WASHINGTON (CN) — Torture works, President Donald Trump said Wednesday, the same day press secretary Sean Spicer denied that the White House was working on a draft executive order to reinstate the CIA interrogation program.
News of the remarks caught the eye of John Kiriakou, the first CIA analyst to publicly confirm that the intelligence agency used waterboarding, which he characterized as torture.
Kiriakou was prosecuted for disclosing classified information to journalists after he blew the whistle on the torture program in 2007. He spoke to Courthouse News on Thursday about the leaked executive order, the illegality of torture and the state of morale at the agency.
What are your impressions of the draft memo?
“Much of it frankly is illegal. I've argued that the torture program was illegal from the very start for a couple of reasons. First, we have a law in this country called the Federal Torture Act that specifically prohibits the kind of techniques that were used by the Bush administration. We're also signatories to the International Convention Against Torture. Indeed we were one of the drafters — the primary drafters — of the International Convention Against Torture.
“With that said, the Bush administration, the W. Bush administration, enacted a torture program. In response to that, of course, Senators John McCain and Diane Feinstein sponsored the McCain-Feinstein Amendment to the National Defense Authorization Act in 2015, which passed, and was signed into law. That prohibits the use of any techniques that are not delineated in the Army Field Manual.
“So what Donald Trump is doing, what he's advocating, is just simply illegal. It would take an act of Congress to reinstitute the torture program that he wants. Now besides that, what he's advocating is morally and ethically reprehensible. Even the American Psychological Association, the APA, which is the largest association of licensed psychologists in the world, has come out and said that it's immoral and unethical and it simply doesn't work.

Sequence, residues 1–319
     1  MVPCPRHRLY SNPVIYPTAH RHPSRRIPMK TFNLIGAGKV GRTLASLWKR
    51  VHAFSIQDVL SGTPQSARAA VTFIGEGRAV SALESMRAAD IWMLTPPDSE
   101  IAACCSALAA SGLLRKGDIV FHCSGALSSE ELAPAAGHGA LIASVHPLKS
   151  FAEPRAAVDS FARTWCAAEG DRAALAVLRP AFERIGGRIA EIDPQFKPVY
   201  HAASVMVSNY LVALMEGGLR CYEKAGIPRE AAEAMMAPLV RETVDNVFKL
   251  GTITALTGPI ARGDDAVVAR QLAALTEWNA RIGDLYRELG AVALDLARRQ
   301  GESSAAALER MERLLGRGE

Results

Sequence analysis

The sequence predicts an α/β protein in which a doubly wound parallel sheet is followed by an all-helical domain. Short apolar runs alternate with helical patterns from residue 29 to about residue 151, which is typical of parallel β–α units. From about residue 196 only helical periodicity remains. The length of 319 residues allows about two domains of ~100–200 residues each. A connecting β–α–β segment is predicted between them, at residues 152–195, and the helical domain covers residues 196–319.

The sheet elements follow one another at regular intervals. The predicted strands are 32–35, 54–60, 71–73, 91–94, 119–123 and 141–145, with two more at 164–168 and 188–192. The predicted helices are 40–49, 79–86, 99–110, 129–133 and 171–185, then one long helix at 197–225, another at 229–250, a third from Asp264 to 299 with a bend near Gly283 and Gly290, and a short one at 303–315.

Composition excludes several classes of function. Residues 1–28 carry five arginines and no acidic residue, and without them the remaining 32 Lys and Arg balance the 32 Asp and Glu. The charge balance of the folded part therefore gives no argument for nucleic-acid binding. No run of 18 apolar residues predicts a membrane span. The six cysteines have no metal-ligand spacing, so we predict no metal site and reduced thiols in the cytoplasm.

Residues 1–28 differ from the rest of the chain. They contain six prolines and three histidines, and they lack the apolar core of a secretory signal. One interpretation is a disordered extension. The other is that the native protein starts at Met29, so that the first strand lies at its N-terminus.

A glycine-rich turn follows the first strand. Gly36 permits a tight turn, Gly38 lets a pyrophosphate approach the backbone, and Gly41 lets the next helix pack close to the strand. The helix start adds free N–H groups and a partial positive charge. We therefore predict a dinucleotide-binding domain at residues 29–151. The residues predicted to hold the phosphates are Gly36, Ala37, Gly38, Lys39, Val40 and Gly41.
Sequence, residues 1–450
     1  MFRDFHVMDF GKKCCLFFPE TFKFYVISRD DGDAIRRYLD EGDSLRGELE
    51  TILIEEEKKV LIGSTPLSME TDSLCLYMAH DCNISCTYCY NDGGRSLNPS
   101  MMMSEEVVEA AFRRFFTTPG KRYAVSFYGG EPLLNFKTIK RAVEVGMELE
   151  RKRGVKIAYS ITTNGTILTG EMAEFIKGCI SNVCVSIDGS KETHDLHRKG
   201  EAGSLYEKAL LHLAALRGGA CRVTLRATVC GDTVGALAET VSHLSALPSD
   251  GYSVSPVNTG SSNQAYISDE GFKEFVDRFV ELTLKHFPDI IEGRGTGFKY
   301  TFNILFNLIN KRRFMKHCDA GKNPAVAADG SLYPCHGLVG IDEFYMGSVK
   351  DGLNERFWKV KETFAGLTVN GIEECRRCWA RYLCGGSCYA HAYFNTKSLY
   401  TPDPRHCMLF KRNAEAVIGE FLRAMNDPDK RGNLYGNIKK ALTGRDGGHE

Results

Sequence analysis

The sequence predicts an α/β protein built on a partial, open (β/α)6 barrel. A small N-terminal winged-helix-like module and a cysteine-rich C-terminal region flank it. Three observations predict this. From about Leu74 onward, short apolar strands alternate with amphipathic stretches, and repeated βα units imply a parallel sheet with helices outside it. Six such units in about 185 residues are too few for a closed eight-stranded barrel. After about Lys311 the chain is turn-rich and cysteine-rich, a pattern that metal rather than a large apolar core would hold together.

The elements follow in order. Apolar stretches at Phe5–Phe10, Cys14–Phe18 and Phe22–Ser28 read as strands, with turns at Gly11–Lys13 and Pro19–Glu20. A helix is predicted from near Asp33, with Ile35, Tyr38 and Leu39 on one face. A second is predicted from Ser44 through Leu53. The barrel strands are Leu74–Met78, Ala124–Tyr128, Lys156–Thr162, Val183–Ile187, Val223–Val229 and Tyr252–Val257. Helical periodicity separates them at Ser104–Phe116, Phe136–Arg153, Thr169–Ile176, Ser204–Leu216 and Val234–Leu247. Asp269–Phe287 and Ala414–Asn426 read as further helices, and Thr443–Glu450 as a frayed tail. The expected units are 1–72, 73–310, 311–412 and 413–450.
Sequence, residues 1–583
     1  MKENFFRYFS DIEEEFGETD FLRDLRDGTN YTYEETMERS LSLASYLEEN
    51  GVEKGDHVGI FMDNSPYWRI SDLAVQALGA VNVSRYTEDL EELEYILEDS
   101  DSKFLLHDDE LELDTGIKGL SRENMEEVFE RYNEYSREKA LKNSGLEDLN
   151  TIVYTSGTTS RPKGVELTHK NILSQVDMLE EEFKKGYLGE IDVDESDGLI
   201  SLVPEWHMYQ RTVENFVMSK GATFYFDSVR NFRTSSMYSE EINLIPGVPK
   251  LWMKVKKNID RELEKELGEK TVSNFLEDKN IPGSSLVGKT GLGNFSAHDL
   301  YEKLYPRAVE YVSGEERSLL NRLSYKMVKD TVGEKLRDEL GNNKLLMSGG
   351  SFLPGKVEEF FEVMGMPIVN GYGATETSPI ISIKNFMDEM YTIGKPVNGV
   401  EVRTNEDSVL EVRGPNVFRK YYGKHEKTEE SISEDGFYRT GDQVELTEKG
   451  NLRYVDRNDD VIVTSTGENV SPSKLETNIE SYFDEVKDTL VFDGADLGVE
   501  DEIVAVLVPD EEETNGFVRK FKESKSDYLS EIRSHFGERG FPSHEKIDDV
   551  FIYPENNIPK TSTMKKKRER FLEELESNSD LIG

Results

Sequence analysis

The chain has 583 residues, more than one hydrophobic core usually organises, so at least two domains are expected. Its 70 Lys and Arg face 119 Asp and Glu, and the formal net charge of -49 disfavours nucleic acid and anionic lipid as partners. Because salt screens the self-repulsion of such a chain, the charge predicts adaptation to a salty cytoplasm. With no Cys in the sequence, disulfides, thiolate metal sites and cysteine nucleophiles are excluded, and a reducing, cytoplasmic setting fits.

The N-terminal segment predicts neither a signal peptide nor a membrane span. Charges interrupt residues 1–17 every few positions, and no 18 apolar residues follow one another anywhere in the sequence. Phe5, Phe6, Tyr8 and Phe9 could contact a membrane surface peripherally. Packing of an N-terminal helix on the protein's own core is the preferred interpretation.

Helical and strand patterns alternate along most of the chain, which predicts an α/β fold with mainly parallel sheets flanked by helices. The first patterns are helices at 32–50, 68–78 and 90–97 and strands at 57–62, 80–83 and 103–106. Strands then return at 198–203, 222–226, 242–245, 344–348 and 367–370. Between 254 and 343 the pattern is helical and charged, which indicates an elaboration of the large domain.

“So Trump can tweet all he wants that torture works. It doesn't work. It's been conclusively proven that it doesn't work. Besides that, whether or not it works is not even the issue.
“Rape works, but we don't rape or sodomize prisoners. Murder works, but we don't murder them. My God, beating and sodomizing their children in front of them would work, but we don't do that. So it's not an issue of whether or not it works. It's an issue of whether or not it's moral, ethical and legal. And it is not.”
What do you make of Trump’s claim, in his interview with ABC News on Wednesday, that intelligence insiders have told him that torture works?
“The people that he's talking to are the people who created the torture program. So of course they're going to say it works because torture is their legacy. When people like George Tenet or Jose Rodriguez finally pass on, their obituaries are going to have these wonderful stories about the illustrious careers they had. But they're also going to say that they were instrumental in the creation and in the implementation of a torture program. What they are doing, it seems to me, they are repeating this lie over and over and over again that torture works, in the hope that eventually the American people believe it.”
The draft executive order that surfaced yesterday talks about reviving the CIA black sites. Did that come as a shock?
“I'm not surprised, to tell you the truth. And I'm very sad to say that. But I made a conclusion early on in the Republican campaign that we ought to take Donald Trump at his word. I didn't think that what he was saying was bravado. I thought that he was telling us exactly the kind of presidency that he would lead, and so far in six short days that's what we've got.”